Monday, 24 November 2014

A Visit to The National Archives

I am very lucky to have just spent five days working at The National Archives in Kew as part of the ‘Transforming Archives’ programme with seventeen other trainees from archives across the UK. 

The National Archives buildings are impressive and surrounded by a lovely swan inhabited pond.

During our visit we were given a behind the scenes tour of the archives. We saw how material from one building to the next were transferred via motorised trikes and lifts when they were requested for viewing by the public. It was interesting to see the process of when someone requests a document, and how it is electronically tracked through every stage of its movement through the building quite like an airport system.

The storerooms are full of archival treasures from 1000 years of history, and there was one room which particularly sparked my curiosity. We were shown only the door as its contents were so valuable and secretive just very few in the whole organisation had the key. You could only imagine what was inside! 

Archivists are very skilled!
The staff were all very welcoming and experts in their fields. There is a lot of skill involved with being an archivist. We learned about the importance of archives, what makes an archive valuable and the potential barriers to public access. As archivists are now embracing the digital age, new skills need to be learned and standards need to be developed, for example with social media and 'born digital' records.

We spent each day working on a variety of skills and exercises that are important in the archives profession, such as pitching for funding and evaluating the success of outreach projects, as well as traditional skills such as preservation standards, accessioning (documenting the receipt of archives in your repository) and appraisal (selecting documents for permanent preservation in the archive).

We also had a session on blogging and created our own VoxPop videos (link to come later!) about ourselves and what we were doing in each of our traineeships, and looked at the use of virtual classrooms with the education team.

Digitisation on a Large Scale
As I am working on several digitisation projects this year, such as the Francis Johnson Grand Tour Diary, I spent an afternoon with the Commercial Delivery team. Each member of staff was part of a group that had a different but equally important role in the digitisation process. I spoke to staff beginning in the commission and acquisition of jobs, then to image capture on the overhead cameras, to quality checking each image and then the final transfer of the files to the customer.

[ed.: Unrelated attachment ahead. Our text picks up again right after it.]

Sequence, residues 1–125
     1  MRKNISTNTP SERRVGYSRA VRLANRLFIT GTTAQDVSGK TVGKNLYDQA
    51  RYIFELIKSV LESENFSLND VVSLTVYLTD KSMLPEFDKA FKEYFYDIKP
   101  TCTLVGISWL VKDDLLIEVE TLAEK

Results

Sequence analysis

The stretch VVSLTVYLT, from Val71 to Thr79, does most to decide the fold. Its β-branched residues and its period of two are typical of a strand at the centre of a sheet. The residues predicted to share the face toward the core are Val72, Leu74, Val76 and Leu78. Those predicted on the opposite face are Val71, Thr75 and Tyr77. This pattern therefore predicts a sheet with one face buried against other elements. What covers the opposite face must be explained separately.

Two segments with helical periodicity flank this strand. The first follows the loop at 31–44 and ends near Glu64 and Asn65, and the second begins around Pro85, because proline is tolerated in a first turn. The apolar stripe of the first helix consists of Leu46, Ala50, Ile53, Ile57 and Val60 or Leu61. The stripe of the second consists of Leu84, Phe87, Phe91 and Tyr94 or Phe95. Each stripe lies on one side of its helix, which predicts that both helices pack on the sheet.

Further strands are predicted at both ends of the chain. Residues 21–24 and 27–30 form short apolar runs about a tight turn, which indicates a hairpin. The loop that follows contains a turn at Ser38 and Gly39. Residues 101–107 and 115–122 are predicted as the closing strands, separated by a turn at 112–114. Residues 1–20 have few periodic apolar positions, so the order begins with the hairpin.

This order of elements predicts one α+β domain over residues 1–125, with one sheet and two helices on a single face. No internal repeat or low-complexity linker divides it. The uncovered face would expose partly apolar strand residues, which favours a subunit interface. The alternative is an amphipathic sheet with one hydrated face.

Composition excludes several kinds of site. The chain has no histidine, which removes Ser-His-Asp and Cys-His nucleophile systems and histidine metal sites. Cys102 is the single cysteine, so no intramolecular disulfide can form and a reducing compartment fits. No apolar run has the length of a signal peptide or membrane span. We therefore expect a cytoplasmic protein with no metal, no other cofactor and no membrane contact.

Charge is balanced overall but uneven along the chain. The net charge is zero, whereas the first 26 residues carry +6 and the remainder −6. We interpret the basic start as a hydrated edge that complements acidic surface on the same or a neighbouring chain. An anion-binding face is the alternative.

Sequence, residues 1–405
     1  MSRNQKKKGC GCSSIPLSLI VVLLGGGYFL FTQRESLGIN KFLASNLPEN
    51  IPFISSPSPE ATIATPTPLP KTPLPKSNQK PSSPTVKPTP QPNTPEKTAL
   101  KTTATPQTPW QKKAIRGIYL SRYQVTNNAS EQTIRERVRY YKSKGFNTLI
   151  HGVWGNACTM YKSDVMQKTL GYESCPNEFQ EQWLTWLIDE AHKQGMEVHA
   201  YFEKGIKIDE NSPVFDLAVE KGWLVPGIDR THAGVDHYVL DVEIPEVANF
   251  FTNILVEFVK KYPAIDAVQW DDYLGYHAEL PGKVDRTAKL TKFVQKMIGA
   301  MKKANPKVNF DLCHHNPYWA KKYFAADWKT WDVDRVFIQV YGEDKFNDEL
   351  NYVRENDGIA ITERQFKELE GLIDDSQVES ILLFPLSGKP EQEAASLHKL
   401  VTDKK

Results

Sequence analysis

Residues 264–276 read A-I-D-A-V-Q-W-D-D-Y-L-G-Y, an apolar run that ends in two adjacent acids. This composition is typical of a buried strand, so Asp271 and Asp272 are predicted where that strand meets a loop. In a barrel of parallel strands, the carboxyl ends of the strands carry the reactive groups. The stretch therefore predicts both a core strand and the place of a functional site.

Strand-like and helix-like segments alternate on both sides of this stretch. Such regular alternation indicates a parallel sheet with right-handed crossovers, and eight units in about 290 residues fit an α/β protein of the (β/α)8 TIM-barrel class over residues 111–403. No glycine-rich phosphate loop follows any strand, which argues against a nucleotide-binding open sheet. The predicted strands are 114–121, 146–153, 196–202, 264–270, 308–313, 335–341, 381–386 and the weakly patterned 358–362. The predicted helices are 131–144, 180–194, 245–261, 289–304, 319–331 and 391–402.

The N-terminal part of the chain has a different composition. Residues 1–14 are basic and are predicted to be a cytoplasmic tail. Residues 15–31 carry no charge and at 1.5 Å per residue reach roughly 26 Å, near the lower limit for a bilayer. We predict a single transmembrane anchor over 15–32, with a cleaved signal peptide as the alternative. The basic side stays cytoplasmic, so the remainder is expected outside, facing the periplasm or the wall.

It was interesting to see how a large scale organisation manages the files from each aspect of the process and how there is a procedure for rectifying errors such as missing pages or poor scans. I came away from that afternoon with a better knowledge of digitisation both as a commercial and preservation activity. It can increase accessibility to material that are at risk of being lost by no longer creating damage through handling, particularly to fragile documents.  In the wider world of heritage, digitisation as a service can also support not only archives services, but museums, historic sites and libraries too.

The Domesday book on an interactive touchscreen
Interactive Virtual Books
There was one use of technology within the public space of the archives which I thought was particularly useful for heritage interpretation. I was able to explore William the Conqueror’s Domesday Book on an interactive touchscreen within The National Archives ‘Keeper’s Gallery’ exhibition space. The touchscreen uses the ‘Turn the Page’ software to allow the user to leaf through pages and interact with the book using magnify and rotate features. I will be using similar software for the Francis Johnson Grand Tour diary project, and it was interesting to see an example of the technology being used and to experiment with its features.